Synopses & Reviews
In this famously provocative cornerstone of feminist literature, Susan Griffin explores the identification of women with the earthboth as sustenance for humanity and as victim of male rage. Starting from Platos fateful division of the world into spirit and matter, her analysis of how patriarchal Western philosophy and religion have used language and science to bolster their power over both women and nature is brilliant and persuasive, coming alive in poetic prose.
Griffin draws on an astonishing range of sourcesfrom timbering manuals to medical texts to Scripture and classical literaturein showing how destructive has been the impulse to disembody the human soul, and how the long separated might once more be rejoined. Poet Adrienne Rich calls Woman and Nature perhaps the most extraordinary nonfiction work to have merged from the matrix of contemporary female consciousnessa fusion of patriarchal science, ecology, female history and feminism, written by a poet who has created a new form for her vision. ...The book has the impact of a great film or a fresco; yet it is intimately personal, touching to the quick of womans experience.”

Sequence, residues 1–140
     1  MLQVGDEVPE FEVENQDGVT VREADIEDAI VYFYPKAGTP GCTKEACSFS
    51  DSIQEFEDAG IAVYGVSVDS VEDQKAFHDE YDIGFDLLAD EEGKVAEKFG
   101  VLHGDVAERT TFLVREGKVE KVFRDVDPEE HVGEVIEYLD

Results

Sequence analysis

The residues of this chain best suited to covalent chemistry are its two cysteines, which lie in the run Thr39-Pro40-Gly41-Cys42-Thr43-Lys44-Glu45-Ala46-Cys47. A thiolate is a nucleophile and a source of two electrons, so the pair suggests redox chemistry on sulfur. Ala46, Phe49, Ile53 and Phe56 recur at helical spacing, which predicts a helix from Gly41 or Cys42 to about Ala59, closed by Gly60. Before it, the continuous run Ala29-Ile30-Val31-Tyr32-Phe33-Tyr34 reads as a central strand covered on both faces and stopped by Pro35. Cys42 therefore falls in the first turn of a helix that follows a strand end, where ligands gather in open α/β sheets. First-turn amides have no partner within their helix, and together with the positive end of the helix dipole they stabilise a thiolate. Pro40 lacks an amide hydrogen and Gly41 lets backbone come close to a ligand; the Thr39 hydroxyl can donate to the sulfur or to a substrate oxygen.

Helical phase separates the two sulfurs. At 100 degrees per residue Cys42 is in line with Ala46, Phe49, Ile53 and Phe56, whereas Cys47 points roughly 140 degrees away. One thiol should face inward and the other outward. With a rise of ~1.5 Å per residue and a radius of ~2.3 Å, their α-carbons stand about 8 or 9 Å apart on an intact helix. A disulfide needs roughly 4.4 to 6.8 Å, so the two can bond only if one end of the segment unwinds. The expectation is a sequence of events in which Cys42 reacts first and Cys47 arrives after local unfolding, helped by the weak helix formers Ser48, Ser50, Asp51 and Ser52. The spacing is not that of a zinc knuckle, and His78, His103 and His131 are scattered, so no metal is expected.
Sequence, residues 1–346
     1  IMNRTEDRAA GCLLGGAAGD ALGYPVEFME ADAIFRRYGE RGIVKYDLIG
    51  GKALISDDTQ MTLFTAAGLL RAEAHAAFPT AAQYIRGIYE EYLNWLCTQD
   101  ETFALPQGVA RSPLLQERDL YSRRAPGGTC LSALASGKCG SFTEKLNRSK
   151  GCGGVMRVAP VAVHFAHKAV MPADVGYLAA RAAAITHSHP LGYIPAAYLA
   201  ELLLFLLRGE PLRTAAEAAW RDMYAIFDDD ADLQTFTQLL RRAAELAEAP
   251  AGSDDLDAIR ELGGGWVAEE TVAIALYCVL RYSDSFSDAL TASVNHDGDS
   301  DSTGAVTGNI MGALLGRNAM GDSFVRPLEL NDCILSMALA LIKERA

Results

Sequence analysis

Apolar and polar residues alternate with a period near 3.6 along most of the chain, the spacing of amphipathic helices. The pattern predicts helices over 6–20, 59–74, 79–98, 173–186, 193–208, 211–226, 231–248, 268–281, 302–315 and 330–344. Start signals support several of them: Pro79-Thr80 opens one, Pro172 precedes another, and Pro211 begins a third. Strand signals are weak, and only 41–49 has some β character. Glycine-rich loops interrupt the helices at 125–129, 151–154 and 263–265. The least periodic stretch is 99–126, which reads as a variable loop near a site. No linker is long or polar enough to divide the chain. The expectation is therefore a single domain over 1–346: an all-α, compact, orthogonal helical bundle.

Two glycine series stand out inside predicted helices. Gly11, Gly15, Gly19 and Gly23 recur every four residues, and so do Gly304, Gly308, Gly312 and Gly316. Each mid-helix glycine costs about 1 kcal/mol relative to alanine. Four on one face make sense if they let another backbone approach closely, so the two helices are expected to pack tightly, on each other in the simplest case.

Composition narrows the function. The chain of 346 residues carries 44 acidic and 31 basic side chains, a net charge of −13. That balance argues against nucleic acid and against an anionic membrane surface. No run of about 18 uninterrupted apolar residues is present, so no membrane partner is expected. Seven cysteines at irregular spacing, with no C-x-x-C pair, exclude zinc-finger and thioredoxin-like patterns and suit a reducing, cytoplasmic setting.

"Woman and Nature is about memory and mutilation, female anger as power, female presence as transforming force...Griffin has collected here the most apparently disparate materials [from lumbering manuals to gynecology texts] into an extraordinary collage which, for all the research and hard intellectual work underlying it, becomes an intense physical experience."--Adrienne Rich
"My journey through the strange and familiar worlds of Woman and Nature has been strengthening and enspiriting. It is a book which I will read and re-read, assign to classes, give to friends. It is a work of great and daring vision."--Mary Daly
In this famously provocative cornerstone of feminist literature, Susan Griffin brilliantly ponders the place and role of women in a predominantly patriarchal society. Her evocative explorations of far-ranging elements of human experience expose the hypocrisy of standard assumptions about gender and the environment.